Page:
Early in his professional career, Tiger Woods worked almost exclusively with leading swing coach Butch Harmon, with whom he started in 1993, but since March 2004, he has been coached by Hank Haney. In June 2004, Tiger Woods was involved in a media spat with Butch Harmon, who works as a golf broadcaster, when Butch Harmon suggested that he was in “denial” about the problems in his game, but they publicly patched up their differences.

While Tiger Woods is considered one of the most charismatic figures in golfing history, his approach is, at its core, cautious. Tiger Woods aims for consistency. Although he is better than any other Tour player when he is in top form, his dominance comes not from regularly posting extremely low rounds, but instead from avoiding bad rounds. Tiger Woods plays fewer tournaments than most professionals (15–21 per year, compared to the typical 25–30), and focuses his efforts on preparing for (and peaking at) the majors and the most prestigious of the other tournaments. Tiger Woods’s manner off of the course is cautious as well, as he carries himself in interviews and public appearances with a carefully controlled demeanor reminiscent of the corporate athlete persona developed between Nike and Michael Jordan.

As of June 2008, Tiger Woods has won 65 official PGA Tour events, an additional 22 individual professional titles, owns 2 team titles in the 2-man World Golf Championships-World Cup, and won the inaugural FedEx Cup playoffs. Tiger Woods has successfully defended a title 21 times on the PGA Tour, has finished runner-up 24 times, 3rd place 17 times, and has won 29% (65 out of 222) of his professional starts on the PGA Tour. Tiger Woods has hit a combined total 18 holes-in-1 in the course of his lifetime — his 1st at the age of 6. Tiger Woods has a 31-6 record when leading after 36 holes in Tour events, and a 44–3 record when leading after 54 holes. Tiger Woods is 14-0 when going into the final round of a major with at least a share of the lead, and he has never lost any tournament when leading by more than 1shot after 54 holes. Tiger Woods has been heralded as “the greatest closer in history” by multiple golf experts. Tiger Woods owns the lowest career scoring average and the most career earnings of any player in PGA Tour history.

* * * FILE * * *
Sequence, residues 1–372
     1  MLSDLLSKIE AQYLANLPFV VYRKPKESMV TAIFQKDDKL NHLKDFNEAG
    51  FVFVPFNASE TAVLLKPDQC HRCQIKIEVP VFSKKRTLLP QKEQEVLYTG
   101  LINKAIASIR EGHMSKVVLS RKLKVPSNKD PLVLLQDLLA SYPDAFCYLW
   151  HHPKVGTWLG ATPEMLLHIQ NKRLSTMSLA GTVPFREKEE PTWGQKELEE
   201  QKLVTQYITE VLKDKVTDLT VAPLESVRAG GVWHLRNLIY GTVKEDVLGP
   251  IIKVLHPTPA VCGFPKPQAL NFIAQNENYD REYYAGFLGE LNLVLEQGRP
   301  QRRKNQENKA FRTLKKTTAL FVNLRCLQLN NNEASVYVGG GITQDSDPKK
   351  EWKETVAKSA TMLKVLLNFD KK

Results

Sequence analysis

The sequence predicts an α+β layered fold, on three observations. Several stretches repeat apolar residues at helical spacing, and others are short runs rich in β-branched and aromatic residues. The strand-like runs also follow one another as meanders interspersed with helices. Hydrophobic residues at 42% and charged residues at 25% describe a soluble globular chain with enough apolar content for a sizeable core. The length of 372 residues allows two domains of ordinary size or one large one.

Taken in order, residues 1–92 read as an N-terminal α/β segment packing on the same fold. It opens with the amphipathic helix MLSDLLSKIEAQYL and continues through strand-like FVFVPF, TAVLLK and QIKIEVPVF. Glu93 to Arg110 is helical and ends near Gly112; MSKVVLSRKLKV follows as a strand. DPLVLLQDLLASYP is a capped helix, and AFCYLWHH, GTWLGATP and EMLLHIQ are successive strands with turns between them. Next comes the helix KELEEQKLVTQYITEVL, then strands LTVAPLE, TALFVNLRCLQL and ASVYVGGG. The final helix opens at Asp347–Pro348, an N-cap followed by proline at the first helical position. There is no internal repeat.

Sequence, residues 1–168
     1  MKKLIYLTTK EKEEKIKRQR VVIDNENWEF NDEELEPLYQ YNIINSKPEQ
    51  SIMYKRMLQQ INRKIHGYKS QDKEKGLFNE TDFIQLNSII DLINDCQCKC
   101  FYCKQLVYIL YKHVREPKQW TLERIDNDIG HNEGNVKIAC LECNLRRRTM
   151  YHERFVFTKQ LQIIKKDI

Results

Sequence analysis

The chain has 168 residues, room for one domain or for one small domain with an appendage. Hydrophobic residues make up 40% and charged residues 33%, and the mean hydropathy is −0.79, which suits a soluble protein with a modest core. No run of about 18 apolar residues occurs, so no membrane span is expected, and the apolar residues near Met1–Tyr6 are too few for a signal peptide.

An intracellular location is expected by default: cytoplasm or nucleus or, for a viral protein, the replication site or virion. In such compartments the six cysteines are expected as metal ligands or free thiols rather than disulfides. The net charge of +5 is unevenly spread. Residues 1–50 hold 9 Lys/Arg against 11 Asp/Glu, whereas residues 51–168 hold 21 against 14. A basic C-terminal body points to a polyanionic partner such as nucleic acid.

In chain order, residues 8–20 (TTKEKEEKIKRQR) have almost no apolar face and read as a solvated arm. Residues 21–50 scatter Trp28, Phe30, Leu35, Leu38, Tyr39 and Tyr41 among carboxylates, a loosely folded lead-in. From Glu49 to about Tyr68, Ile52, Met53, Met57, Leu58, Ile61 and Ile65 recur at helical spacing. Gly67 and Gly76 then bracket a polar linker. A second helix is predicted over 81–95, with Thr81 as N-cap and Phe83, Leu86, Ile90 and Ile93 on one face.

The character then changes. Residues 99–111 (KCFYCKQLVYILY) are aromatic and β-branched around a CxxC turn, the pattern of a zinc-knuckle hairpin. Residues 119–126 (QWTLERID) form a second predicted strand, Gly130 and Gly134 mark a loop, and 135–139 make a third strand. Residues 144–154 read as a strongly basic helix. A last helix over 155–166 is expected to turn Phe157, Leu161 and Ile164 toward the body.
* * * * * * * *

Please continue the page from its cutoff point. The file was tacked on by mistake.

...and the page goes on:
Tiger Woods has been the PGA Player of the Year a record 9 times, the PGA Tour Money Leader a record-tying 8 times (with Jack Nicklaus), the Vardon Trophy winner a record 7 times, and the recipient of the Byron Nelson Award a record 8 times. Tiger Woods has spent over 9 years atop the world rankings in his 12-year career. Tiger Woods is 1 of 5 players (along with Gene Sarazen, Ben Hogan, Jack Nicklaus, and Gary Player) to have won all 4 professional major championships in his career, known as the Career Grand Slam, and was the youngest to do so. Bobby Jones won all 4 of what were in his era considered major championships. Tiger Woods is the only player to have won all 4 professional major championships in a row, accomplishing the feat in the 2000-2001 seasons. Tiger Woods’s win at the 2005 Open Championship made him only the 2nd golfer (after Nicklaus) to have won all 4 majors more than once. With his win in the 2008 U.S. Open, Tiger Woods joins Nicklaus as the only golfers to win each major at least 3 times. Tiger Woods holds at least a share of the scoring record in relation to par in all 4 majors, and also holds the margin of victory record in 2 majors, The Masters and the U.S. Open.